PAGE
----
She ended the call. During the car ride back, she started thinking how she would have to sell her home. She had called Shanty Hills her home for nearly ten years. Driving through its narrow streets of cobbled stone, pass the old brick structures, and the Victorian era wooden manors, she knew she would miss the town. She returned to her nice one-bedroom home, a stucco building with floral wallpaper and wood trim. She threw off her clothes, letting the naked feeling settle in, free of the confines of formal life. She hopped in the shower, even freer of shackles of civilization, clothing.

She let the hot water run through her hair, over her c-cup breasts, and down her curves, dripping to the floor. She felt alive again. Her hand dangled near her outer labia. She wondered if she should do it. She decided to do it anyway. Her hand brush against her labia and she felt the first electrical jolts run through her. She wasn't thinking about anyone or anything. It was just the barest of impulses, the desire to touch herself. Her fingers found themselves inside her. She pushed them deeper into her. The feeling was overwhelming, something instinctual and spiritual. She didn't care where her hands went. Before she knew it, she was fingering herself in an autonomous motion, he fingers dancing in and out. She was giving into the pleasure. She pulled herself back from the brink of an orgasm and continued to clean herself.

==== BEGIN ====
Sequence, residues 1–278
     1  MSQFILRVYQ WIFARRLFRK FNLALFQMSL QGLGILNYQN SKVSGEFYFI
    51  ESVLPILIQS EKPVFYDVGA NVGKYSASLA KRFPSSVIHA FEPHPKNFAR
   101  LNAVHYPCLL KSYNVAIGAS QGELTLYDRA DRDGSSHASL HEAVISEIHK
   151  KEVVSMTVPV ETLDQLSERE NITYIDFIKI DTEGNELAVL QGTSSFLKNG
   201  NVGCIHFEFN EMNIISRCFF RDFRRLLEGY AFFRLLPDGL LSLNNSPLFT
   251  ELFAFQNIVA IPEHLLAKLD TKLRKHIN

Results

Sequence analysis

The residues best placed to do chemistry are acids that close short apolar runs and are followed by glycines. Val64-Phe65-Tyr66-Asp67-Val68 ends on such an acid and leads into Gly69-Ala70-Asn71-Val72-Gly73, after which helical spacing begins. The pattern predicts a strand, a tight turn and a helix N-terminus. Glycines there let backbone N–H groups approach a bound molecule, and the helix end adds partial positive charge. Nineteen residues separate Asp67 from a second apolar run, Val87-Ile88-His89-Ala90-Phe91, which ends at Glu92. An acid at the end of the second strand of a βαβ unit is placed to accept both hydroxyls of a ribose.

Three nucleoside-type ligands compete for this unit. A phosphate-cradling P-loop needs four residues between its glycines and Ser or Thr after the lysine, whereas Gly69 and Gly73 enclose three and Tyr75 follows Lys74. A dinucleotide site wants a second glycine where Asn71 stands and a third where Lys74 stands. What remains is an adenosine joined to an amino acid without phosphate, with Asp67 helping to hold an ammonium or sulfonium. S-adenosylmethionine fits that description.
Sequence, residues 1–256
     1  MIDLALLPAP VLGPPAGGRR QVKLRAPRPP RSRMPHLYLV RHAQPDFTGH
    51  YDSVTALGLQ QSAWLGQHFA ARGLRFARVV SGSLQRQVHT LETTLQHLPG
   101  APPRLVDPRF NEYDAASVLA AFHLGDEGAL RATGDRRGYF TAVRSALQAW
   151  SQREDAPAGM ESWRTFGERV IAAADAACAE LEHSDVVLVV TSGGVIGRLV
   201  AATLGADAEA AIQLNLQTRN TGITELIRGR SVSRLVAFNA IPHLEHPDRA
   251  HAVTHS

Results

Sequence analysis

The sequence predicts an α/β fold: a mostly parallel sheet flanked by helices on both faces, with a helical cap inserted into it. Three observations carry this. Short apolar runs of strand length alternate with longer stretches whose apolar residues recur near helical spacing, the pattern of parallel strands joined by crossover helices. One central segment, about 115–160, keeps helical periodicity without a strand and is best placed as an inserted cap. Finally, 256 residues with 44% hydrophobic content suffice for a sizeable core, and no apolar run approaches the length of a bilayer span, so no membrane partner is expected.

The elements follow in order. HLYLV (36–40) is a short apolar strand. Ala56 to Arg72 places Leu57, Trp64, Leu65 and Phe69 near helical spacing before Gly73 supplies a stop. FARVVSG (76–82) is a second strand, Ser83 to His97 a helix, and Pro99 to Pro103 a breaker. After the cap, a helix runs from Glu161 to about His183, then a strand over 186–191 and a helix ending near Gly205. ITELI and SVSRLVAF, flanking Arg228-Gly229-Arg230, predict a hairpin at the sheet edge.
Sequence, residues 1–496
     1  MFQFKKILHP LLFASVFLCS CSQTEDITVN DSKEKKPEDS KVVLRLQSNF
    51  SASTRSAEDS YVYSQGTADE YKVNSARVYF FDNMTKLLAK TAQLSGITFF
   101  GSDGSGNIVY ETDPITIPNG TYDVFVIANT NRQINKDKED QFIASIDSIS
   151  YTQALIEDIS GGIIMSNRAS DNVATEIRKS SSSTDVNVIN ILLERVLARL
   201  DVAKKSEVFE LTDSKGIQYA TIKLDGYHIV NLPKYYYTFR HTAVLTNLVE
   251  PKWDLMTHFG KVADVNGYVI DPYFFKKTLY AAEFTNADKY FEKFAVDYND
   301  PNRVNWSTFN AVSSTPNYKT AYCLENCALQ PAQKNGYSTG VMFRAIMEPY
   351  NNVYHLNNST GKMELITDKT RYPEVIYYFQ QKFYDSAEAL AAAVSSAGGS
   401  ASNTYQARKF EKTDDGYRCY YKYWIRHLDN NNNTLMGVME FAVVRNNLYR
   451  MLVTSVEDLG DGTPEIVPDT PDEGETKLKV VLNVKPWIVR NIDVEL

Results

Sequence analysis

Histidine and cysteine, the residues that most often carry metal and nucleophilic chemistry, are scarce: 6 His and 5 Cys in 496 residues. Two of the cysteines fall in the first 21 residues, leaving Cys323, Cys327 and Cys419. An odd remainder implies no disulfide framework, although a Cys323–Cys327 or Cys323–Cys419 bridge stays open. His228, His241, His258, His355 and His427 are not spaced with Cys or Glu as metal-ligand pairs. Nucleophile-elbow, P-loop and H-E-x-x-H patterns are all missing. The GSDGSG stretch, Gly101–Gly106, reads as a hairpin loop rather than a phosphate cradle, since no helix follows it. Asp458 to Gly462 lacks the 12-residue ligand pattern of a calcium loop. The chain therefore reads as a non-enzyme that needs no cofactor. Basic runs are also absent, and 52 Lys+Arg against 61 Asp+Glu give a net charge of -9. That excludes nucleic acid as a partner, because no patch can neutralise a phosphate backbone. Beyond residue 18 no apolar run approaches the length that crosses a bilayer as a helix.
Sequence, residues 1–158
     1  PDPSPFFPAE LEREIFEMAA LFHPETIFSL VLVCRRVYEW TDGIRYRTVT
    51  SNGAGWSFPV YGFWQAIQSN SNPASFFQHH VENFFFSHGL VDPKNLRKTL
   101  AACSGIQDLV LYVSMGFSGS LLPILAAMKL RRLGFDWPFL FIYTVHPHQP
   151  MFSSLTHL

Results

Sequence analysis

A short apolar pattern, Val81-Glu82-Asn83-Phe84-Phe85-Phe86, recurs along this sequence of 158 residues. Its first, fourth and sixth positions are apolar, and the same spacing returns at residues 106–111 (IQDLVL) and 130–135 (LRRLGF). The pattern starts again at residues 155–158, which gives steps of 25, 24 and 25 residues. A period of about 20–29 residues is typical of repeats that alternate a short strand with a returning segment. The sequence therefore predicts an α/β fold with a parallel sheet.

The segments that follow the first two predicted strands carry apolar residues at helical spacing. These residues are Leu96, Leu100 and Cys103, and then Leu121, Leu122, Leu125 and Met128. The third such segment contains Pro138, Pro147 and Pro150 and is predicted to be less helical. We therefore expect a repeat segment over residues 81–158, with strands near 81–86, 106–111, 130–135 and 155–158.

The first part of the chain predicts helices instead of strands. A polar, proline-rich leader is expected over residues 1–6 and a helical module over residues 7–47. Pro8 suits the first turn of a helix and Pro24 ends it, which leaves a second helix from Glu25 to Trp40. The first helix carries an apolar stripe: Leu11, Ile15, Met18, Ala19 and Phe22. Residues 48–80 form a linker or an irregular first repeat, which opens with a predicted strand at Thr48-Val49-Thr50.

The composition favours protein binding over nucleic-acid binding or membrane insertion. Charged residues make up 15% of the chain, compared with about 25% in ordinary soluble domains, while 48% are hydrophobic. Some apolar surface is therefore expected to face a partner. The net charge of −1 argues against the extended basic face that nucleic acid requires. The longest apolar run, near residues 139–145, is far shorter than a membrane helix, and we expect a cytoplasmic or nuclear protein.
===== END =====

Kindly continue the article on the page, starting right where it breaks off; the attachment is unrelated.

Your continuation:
She stepped out of the shower and dried off. She logged on to the computer, almost a decade old, and checked out the job-boards. She didn't see anything for the local cities so she expanded it further and further.